Background: Although the signet ring cell histologic subtype (SRC) is an independent predictor of poor prognosis in advanced gastric adenocarcinomas (GA), its prognostic value in early GA remains highly controversial. The aim of the study was to evaluate the prognostic impact of SRC in mucosal and submucosal GAs. Methods: Based on a multicenter cohort of 3,010 patients operated on for GA between January 1997 and January 2010, patients with pTis or pT1 tumors were extracted and analyzed comparatively between the SRC and non-SRC groups. The primary objective was to compare the 5-year survival rate between groups. Results: Among 421 patients with a pTis or pT1 tumor, 104 (25%) were SRC and 317 (75%) were non-SRC. Demographic variables were comparable between groups, except median age, which was less in the SRC group (59.6 vs 68.8 years; P <.001). Submucosal involvement was more frequent in the SRC group (94% vs 85%; P =.043), whereas lymph node involvement and number of invaded nodes were comparable between the 2 groups. When comparing SRC and non-SRC, recurrence rates (6% vs 9%; P =.223) and sites of recurrence were similar. The 5-year overall survival benefit in SRC patients (85% vs 76%, respectively; P =.035), was not evident when considering exclusively disease-specific survival or in multivariable analysis. Conclusion: Contrary to more advanced GA, SRC morphologic subtype is not a negative prognostic factor in early GA. Better survival identified in some reports may be related to the younger age in SRC patients. © 2013 Mosby, Inc. All rights reserved.

Rollin A.,Toulouse University Hospital Center | Rollin A.,Institute National Of La Sante Et Of La Recherche Medicale Umr 1027 | Maury P.,Toulouse University Hospital Center | Bongard V.,Toulouse University Hospital Center | And 10 more authors.
American Journal of Cardiology | Year: 2012

Early repolarization pattern (ERP) has recently been associated with idiopathic ventricular fibrillation and with cardiovascular mortality in the general population. We aimed to identify electrocardiographic tools to differentiate the "malignant" form of ERP from benign ERP in a population-based study. We retrospectively assessed the prevalence of ERP by recording electrocardiograms in 1,161 southwestern French subjects 35 to 64 years old. ERP was defined by an elevation of the J point <1 mm in 2 consecutive leads excluding leads V1 through V3. We categorized ERP as notching or slurring pattern as located in inferior and/or lateral leads and measured the J-point elevation amplitude. ST segment after ERP was categorized as ascendant or horizontal/nonascendant and T waves as negative or positive. Association of ERP with all-cause and cardiovascular mortalities was assessed by adjusted Cox proportional hazard models. ERP was found in 157 subjects (13.3%). During a mean follow-up of 14.2 ± 2 years, 77 subjects died (6.6%), of whom 24 (2.1%) died from cardiovascular causes. Subjects with ERP had an increased hazard ratios for all-cause mortality (2.45, 95% confidence interval [CI] 1.44 to 4.15, p = 0.001) and cardiovascular mortality (5.60, 95% CI 2.27 to 11.8, p = 0.001). The highest risk was found for notching ERP and ERP with a nonascendant/horizontal ST segment, yielding when associated increased hazard ratios of 3.84 (95% CI 2.14 to 6.92, p = 0.001) and 8.75 (95% CI 3.48 to 22.0, p = 0.001) for all-cause and cardiovascular mortalities, respectively. Conversely, a slurring ERP or ascendant ST segment was not associated with increased mortality. ERP localization, J-point elevation amplitude, or T-wave morphology did not distinguish benign from malignant forms of ERP. In conclusion, ERP with notching pattern and horizontal/descendant ST segments was associated with the highest risk of all-cause and cardiovascular deaths. These electrocardiographic patterns may be used for risk stratification in subjects with ERP. © 2012 Elsevier Inc. All rights reserved.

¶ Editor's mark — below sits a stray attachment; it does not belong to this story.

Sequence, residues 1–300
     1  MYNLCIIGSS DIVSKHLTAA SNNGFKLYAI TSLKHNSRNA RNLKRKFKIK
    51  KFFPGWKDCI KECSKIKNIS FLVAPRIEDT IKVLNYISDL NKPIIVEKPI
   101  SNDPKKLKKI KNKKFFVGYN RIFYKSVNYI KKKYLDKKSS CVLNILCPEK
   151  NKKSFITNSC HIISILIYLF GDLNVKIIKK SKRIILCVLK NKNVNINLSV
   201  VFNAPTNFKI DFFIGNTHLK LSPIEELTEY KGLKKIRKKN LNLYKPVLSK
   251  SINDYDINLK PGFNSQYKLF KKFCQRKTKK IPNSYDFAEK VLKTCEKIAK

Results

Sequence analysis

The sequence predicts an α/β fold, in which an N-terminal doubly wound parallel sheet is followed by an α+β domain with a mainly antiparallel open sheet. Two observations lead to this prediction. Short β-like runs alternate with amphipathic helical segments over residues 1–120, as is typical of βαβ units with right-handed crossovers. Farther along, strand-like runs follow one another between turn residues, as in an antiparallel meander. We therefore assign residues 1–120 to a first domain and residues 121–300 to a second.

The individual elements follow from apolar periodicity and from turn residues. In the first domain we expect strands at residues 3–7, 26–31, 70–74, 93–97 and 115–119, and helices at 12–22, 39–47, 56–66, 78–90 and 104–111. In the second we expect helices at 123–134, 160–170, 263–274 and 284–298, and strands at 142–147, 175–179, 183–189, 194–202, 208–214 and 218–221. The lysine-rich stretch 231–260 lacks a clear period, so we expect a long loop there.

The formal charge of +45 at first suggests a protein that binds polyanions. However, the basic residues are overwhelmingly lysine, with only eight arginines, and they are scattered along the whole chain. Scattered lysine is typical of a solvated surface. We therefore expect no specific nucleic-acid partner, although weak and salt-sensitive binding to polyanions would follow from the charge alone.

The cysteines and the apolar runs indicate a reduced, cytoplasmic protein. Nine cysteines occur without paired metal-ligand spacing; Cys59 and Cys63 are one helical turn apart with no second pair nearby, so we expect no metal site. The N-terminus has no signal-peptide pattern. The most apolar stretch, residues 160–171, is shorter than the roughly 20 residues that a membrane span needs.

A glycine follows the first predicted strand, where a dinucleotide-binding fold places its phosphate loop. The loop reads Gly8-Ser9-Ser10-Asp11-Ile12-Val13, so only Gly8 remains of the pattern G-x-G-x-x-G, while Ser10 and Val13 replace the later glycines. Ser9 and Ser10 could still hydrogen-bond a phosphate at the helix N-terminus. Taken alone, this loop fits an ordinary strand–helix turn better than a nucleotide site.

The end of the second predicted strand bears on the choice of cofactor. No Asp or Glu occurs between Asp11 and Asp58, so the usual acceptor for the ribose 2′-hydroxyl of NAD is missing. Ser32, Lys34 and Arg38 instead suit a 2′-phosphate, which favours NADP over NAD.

Guy J.,University Hospital of Dijon | Antony-Debre I.,University Hospital Henri Mondor | Benayoun E.,University Hospital Henri Mondor | Arnoux I.,University Hospital La Timone | And 8 more authors.
British Journal of Haematology | Year: 2013

The World Health Organization 2008 Classification emphasizes myeloperoxidase (MPO) detection as sufficient for assigning a blast population to the myeloid lineage. Published MPO positivity thresholds are 10% for flow cytometry (FCM) but 3% for cytochemistry. Here we re-evaluated the FCM-MPO threshold by comparing retrospectively 128 acute lymphoblastic leukaemias and 75 acute myeloid leukaemias without maturation, all assessed by benzidine-based cytochemistry. A 13% threshold was found to be relevant using an isotype control as background-reference (sensitivity 95·1%, specificity 91·7%). Residual normal lymphocytes proved to be an advantageous alternative reference, a threshold of 28% yielding improved 97·4% sensitivity and 96·1% specificity. © 2013 John Wiley & Sons Ltd.